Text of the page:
University exhibits initial designs for Infirmary Masterplan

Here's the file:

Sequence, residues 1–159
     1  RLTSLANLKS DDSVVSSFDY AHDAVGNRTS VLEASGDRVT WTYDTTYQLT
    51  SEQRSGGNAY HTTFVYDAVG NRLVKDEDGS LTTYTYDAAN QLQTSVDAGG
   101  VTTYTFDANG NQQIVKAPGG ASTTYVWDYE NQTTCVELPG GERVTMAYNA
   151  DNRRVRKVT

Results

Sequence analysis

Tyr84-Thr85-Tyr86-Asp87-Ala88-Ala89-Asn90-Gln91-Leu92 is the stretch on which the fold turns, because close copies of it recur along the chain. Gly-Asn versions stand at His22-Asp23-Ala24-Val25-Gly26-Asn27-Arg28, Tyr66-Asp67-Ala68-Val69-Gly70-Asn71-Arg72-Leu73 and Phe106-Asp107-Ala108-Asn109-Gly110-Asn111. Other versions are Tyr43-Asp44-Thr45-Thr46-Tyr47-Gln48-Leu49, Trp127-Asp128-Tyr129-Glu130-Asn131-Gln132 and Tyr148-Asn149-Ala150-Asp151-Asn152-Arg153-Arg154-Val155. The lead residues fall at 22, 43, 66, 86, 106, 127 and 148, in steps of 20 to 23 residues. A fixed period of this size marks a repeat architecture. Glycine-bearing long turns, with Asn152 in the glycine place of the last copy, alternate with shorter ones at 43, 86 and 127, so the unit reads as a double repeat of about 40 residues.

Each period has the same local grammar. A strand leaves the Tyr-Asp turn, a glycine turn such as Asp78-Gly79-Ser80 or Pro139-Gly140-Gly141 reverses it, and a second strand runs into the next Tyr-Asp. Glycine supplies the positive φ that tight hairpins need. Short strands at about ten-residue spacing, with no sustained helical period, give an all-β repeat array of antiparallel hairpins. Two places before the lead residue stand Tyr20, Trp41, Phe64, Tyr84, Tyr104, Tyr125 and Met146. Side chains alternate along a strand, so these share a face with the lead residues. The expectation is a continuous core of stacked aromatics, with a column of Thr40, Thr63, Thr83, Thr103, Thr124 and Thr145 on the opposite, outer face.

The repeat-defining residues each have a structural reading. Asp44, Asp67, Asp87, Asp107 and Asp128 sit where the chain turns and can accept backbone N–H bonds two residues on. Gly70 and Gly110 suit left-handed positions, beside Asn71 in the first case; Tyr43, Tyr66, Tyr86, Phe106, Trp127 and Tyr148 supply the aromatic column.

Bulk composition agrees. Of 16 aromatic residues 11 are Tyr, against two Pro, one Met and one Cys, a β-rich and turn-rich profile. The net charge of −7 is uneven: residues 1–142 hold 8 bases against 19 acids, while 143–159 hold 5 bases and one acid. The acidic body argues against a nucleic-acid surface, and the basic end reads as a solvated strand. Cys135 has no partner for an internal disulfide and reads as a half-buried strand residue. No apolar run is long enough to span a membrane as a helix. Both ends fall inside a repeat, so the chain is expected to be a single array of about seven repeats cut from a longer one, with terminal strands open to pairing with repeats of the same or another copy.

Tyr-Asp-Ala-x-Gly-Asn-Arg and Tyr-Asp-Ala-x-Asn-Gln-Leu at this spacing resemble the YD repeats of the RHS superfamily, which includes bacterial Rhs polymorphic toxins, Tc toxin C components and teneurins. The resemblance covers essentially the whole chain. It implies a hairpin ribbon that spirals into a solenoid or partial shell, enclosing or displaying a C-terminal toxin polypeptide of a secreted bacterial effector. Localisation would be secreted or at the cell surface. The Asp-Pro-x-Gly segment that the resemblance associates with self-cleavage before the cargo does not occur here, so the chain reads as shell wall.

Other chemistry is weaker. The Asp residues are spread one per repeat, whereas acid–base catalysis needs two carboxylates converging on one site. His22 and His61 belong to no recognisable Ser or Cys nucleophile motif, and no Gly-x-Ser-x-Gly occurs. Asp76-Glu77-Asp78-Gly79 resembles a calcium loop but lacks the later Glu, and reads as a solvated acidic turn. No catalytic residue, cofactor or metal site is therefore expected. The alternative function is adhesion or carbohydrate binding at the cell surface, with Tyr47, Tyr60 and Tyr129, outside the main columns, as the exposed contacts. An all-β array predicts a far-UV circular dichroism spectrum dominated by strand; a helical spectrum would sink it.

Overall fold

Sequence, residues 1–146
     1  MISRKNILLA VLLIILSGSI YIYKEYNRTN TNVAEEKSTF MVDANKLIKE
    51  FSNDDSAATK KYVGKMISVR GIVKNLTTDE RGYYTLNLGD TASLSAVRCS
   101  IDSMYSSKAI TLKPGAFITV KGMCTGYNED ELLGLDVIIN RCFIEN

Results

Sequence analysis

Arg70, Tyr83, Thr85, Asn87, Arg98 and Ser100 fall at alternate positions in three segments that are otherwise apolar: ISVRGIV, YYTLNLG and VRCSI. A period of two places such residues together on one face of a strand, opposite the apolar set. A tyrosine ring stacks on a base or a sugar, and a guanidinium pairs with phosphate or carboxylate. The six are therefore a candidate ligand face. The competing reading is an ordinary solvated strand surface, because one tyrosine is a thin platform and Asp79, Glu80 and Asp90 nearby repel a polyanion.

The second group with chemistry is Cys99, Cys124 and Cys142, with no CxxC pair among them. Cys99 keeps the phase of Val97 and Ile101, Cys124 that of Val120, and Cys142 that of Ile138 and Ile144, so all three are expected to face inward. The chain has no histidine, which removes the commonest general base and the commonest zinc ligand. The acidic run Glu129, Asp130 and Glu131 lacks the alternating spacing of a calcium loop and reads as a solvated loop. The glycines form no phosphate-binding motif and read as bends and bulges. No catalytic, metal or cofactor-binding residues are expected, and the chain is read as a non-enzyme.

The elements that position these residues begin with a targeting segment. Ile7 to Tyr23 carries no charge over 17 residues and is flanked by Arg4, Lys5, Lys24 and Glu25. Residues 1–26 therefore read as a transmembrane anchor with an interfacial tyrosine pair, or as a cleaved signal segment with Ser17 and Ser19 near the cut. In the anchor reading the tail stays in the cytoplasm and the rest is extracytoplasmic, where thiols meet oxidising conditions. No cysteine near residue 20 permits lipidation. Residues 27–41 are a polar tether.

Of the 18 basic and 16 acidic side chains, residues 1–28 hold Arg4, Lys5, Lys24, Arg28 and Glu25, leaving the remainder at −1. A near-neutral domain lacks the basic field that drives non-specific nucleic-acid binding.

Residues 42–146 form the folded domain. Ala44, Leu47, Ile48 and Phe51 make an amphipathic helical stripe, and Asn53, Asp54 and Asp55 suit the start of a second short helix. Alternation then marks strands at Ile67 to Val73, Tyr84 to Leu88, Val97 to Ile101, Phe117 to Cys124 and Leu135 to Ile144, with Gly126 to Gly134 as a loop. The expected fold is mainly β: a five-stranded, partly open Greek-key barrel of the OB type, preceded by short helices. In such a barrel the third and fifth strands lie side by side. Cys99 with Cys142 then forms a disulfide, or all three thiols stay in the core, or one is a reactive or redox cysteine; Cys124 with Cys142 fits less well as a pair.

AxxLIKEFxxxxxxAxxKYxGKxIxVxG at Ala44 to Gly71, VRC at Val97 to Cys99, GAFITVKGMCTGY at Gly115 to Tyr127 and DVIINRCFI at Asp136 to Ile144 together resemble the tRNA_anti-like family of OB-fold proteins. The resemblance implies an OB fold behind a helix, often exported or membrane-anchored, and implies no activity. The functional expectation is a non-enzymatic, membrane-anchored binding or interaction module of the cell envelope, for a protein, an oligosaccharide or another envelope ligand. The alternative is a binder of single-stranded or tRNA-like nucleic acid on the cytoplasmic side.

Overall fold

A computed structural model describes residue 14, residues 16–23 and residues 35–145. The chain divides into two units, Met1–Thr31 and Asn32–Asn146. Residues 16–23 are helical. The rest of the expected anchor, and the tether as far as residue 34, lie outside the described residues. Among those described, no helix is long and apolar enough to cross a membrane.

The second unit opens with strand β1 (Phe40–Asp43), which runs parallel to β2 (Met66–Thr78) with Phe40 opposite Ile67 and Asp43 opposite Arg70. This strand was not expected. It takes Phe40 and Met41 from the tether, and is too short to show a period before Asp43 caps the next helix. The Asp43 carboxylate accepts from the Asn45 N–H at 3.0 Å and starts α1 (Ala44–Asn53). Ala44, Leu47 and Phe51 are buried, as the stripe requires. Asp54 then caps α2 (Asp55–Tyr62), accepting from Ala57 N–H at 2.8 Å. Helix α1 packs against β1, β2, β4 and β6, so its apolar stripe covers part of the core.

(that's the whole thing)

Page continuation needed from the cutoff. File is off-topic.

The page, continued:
first_imgOxford University has this week unveiled initialdesign plans as part of the Masterplan for the Radcliffe Infirmary developmentdue to commence mid-2007.The project team is to maintainand renovate the original Radcliffe Infirmary building, completed in 1770, butreplace the more recent surrounding development with new buildings.A spokesperson for Rafael VinolyArchitects, who have been employed by the University for the project, said, “Theinspiration for the new development came from the surrounding environment. Forinstance, the nearby observatory and the Oxford University Press building werevery important in our planning process.“We wanted to open the visualavenues so that the original buildings could be appreciated as they deserved tobe. We also wanted to remove the later additions that were suffocating theRadcliffe Infirmary and have it in its original garden position.”The new development is potentiallyto house the Mathematics and Statistics departments and the Humanities faculties.The Radcliffe Infirmary site liesbetween the Woodstock Roadand Walton Streetand is also bordered by Somerville and Green Colleges.The University has estimated thatit will need a surplus 100,000 sq m for functional estate over the next 20years due to growth in educational and research activity. This need is to becatered for principally by the Radcliffe Infirmary Site, which was purchasedfrom the NHS in March 2003.The University’s interest in theRadcliffe Infirmary site for development dates back to the 1960s, when theHolford Report on land requirements of the University identified the RadcliffeInfirmary as the only sizeable developable land in the city centre, and statedthat the acquisition of it was of “primary importance”. A spokesperson for the projectteam spoke of his satisfaction with the Masterplan’s progress: “I don’t thinkanyone envisaged arriving at a universally agreed concept as rapidly as we havedone. 180 people have visited on the first day of the exhibition and thefeedback has been overwhelmingly positive.”One student, who did not wish tobe named, said he had visited the exhibition on the day it was was opened. “Ithink the plans look very impressive, but I am concerned that the location ofthe new site is too far removed from the centre of the city. The majority ofthe colleges are a good ten or 15 minutes walk from the Infirmary development.It would be a shame if the new learning centre meant that the city lost itsvibrant atmosphere to North Oxford.”ARCHIVE: 2nd week MT 2005last_img

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